Underground Railroad the focus of St. Catharines Museum exhibit for Black History Month
The St. Catharines Museum and Welland Canals Centre is launching an exhibit this month that will allow people to explore the history of the city’s Black communities.
The exhibit, called Last Stop: In Their Own Words, aims to challenge traditional narratives of the local settlement freedom-seekers in St. Catharines in the 1850s. Opening Feb. 25, it focuses on what happened after people fleeing slavery reached St. Catharines.
City staff hope the exhibit will raise awareness about Black history in St. Catharines.
“It’s a deep-rooted history,” said Abbey Stansfield, Museum Public Programmer with the City of St. Catharines. “And that’s why we have different experiences to help parcel out the information.”
The museum is also providing online content to educate the public about St. Catharines’ Black history. Every February, the museum creates a blog series featuring articles and podcasts and virtual tours.
Creating Awareness around Black History
St. Catharines was known as the last stop on the Underground Railroad. The Underground Railroad and the Niagara Freedom Trail was a network of people who hid and guided Black people who were fleeing slavery in the United States.
For many freedom-seekers, the Canadian stretch of the railroad began on the banks of the Niagara River near Fort Erie and ended at Salem Chapel, a British Methodist Episcopal Church in St. Catharines.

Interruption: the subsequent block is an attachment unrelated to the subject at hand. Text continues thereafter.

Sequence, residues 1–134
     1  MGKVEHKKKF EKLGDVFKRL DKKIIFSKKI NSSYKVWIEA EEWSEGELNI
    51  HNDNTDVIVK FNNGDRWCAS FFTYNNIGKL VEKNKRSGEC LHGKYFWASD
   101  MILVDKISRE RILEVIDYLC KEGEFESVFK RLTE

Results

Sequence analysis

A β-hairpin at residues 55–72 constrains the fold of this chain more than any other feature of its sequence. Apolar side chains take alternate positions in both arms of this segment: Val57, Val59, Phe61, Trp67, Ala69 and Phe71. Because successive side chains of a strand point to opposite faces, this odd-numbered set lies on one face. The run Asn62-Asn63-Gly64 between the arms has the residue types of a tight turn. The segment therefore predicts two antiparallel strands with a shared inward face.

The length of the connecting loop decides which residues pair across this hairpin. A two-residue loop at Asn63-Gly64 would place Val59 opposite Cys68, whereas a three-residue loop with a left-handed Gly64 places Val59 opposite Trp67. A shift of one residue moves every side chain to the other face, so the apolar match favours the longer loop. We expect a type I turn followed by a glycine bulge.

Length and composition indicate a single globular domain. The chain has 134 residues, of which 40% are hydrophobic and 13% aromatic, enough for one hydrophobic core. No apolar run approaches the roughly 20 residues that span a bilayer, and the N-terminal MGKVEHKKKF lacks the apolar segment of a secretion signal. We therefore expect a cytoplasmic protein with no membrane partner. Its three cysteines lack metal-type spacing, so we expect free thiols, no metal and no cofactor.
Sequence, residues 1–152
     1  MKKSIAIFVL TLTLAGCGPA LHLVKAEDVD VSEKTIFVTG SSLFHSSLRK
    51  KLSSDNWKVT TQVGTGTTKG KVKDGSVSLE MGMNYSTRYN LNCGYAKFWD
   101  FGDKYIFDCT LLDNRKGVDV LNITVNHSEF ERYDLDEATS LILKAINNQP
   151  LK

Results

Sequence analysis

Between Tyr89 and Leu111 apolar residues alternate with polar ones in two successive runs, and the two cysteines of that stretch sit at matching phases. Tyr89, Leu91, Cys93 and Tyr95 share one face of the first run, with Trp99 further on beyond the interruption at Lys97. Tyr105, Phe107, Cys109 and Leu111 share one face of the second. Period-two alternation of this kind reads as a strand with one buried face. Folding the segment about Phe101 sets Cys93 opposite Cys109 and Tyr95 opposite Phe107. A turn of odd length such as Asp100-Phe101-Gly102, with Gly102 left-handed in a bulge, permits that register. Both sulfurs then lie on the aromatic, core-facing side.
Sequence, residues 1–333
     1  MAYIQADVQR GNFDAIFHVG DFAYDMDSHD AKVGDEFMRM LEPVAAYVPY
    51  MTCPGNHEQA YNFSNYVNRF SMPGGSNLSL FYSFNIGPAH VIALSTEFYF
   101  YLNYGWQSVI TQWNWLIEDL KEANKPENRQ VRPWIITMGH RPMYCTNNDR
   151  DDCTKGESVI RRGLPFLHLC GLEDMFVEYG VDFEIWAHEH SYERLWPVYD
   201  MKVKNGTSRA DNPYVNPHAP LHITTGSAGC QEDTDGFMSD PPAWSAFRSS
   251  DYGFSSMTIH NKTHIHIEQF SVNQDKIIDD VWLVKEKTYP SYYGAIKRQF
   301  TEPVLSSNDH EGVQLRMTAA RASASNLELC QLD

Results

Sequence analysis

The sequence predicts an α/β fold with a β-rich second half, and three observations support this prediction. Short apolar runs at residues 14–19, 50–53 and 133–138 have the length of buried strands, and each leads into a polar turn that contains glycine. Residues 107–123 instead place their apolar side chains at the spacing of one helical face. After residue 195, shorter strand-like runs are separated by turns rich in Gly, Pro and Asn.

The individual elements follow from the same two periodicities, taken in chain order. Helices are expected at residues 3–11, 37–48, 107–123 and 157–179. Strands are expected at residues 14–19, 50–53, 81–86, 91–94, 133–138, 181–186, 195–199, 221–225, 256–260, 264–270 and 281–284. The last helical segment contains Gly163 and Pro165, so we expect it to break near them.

St. Catharines became a centre for abolitionists. Harriet Tubman is one of the most well-known people associated with the Underground Railroad and St. Catharines. Tubman moved to Canada after the U.S. passed the Fugitive Slave Act in 1850. She resided in St. Catharines from late 1851 to early 1862.
The Act required that slaves be returned to their owners, even if they were in a free state, but the St. Catharines Black community continued to grow after the act was passed. Historians estimate that between 30,000 and 40,000 Black people fled to Canada through the Underground Railroad.
“Because of the Fugitive Act, a lot of people came to Canada but wanted to put some distance between them and the border,” said Stansfield. “So [they] would come to settlements like St. Catharines.”
Preserving Black History
The Salem Chapel is widely considered one of the oldest – if not the oldest – Black church in Ontario. The chapel near downtown St. Catharines is a significant monument of Black history in Canada. The chapel was founded by the British Methodist Episcopal Church in 1820. From 1851, the church was known as the Bethel Chapel. In 1957, the church was renamed Salem Chapel.
In 1999, the Salem Chapel received a national historic designation by the Government of Canada. Harriet Tubman received a national designation in 2005.
The Chapel received a $100,000 grant in 2021 through the federal government’s Supporting Black Canadian Communities Initiative. The funds are earmarked for much needed repairs. The initiative aims to support research and provide funds to build and improve local spaces and organizations.
“We’re very happy we received the funding,” church trustee and historian Rochelle Bush told CBC News in 2021. “We are extremely grateful because the church will now be preserved for future generations.” MW
✯ Municipal World Insider and Executive Members: You might also be interested in Tyjondah Kerr’s article: Inclusion, equity, and diversity is for all of us.
Ibrahim Daair is Staff Writer and Copy Editor at Municipal World.
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